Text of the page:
Taylor shares ‘brushstrokes of life’
When nightfall came to the farm where Jennifer Stottle Taylor lived in North Alabama, there was something magical, something calling, about the night sky.
Although she knew and understood that the stars were lightyears away, Taylor also knew the sky was not the limit. A big, world was out there awaiting her and she wanted to experience and absorb it all.
And, so she has and so she does.
Today, Jennifer Stottle Taylor is an award-winning, internationally known impressionist artist. She is also a spiritualist who gains inspiration from her world travels and from just being home in a small rural town in south Middle Tennessee.
Taylor is a featured artist at the Johnson Center for the Arts and her exhibition, “Brush Strokes of Life” opened on January 8 and will close on February 20.
The exhibition includes acrylic and oil paintings that chronical her life and her interests from her early homestead in North Alabama to her present homestead just across the Tennessee line.
“My first love was horses and exploring,” Taylor said. “Most of my days were spent on horseback or searching for fossils and arrowheads in the nearby woods. I loved the outdoors then and I do now.”
Her paintings of horses, reflect her days as a horse trainer and as “the tallest” jockey among fellow jockeys.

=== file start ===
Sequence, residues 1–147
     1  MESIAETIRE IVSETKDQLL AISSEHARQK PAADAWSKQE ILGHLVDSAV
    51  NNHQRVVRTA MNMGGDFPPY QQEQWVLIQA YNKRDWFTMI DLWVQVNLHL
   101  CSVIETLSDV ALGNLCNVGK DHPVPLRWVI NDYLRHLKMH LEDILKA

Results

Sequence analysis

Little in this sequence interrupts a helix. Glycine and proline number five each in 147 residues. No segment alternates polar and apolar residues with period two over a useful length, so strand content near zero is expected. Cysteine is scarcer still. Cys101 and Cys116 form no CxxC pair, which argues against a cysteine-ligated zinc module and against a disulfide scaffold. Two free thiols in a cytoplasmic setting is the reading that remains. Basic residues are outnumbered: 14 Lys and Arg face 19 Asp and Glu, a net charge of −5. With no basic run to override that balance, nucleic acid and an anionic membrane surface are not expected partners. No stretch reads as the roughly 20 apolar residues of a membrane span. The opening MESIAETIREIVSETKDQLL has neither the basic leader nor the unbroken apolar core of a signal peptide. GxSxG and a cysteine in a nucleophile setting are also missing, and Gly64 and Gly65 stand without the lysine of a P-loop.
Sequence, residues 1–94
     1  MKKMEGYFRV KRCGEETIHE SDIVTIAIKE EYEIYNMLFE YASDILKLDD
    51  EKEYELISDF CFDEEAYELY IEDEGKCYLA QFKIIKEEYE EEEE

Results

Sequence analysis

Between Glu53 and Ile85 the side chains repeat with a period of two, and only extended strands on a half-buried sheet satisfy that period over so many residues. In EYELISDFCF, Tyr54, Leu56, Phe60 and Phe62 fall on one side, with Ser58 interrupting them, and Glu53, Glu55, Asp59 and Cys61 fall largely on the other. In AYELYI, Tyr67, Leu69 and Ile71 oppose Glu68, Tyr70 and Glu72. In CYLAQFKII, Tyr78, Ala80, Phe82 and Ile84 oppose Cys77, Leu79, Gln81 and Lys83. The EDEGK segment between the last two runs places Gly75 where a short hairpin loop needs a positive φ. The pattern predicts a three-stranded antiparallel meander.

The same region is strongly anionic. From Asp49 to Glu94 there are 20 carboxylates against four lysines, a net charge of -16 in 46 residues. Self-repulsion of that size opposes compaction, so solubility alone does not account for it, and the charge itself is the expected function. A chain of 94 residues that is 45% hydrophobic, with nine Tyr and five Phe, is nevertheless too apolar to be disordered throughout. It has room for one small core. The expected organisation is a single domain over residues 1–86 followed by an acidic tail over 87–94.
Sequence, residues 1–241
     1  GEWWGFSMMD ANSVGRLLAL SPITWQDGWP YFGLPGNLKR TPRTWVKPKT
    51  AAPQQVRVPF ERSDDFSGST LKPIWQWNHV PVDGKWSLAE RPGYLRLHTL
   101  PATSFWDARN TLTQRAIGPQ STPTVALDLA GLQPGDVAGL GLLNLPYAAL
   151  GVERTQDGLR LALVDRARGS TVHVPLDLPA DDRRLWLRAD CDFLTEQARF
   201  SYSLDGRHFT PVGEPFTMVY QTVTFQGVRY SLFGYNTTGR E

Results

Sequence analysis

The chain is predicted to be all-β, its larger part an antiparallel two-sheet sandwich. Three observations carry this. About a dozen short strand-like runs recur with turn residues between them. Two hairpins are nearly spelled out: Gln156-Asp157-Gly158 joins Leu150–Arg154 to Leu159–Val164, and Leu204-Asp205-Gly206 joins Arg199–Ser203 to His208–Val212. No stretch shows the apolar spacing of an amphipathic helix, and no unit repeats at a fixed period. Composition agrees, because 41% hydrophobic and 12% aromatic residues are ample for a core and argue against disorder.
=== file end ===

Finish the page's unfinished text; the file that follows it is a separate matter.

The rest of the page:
But, as greatly as her rural upbringing influenced Taylor’s artwork even more so did her parents’ love of culture.
“In 1982, I visited the Smithsonian and was totally mesmerized by the artwork there,” Taylor said. “Several years later, on my first trip to Europe, my life was changed forever. I was totally absorbed in the art at the Louvre.”
Today, Taylor travels extensively to find inspiration for her artwork. She travels a path with no end so every journey is an opportunity, an adventure and a new creation on canvas.
Whether she is painting scenes in Blue Ridge, Georgia or Gadsden, Alabama or in art residences in France or India, Taylor she uses the scenes that unfold before her to inspire new and deeper meaning in her art.
In the past 10 years, she has focused her artwork on acrylic and oils. And, when she paints, she doesn’t dilly-dally around.
She quickly captures the scene and the essence of it on canvas and she often does so en plein air.
“The term ‘en plein air’ means painting outside,” Taylor said. “Painting outside helps understand color and the changes that take place in minutes or even seconds.”
However, it took time for Taylor to adjust to painting en plein air.
“I had signed up for a year of plein air events but I almost dropped out,” she said. “I didn’t like the quietness of it and, too, there were competitions within the event and I didn’t like that. But, I stayed and I enjoy it.”
Today, Taylor travels with a wooden box that contains paints already out of the tubes and ready-to mix before the colors of the sunset change or the sunbeams drift. The easel can be popped and propped in a matter of seconds and, just that quickly, Taylor is capturing a scene on canvas.
No matter the time or place Jennifer Stottle Taylor is prepared to capture what she calls unicorn paintings. Those are paintings that bring joy to her as she creates art and joy to those who find joy in her creations. Unicorn paintings are those that bring joy to all. And, they, too, are “Brush Strokes of Life.”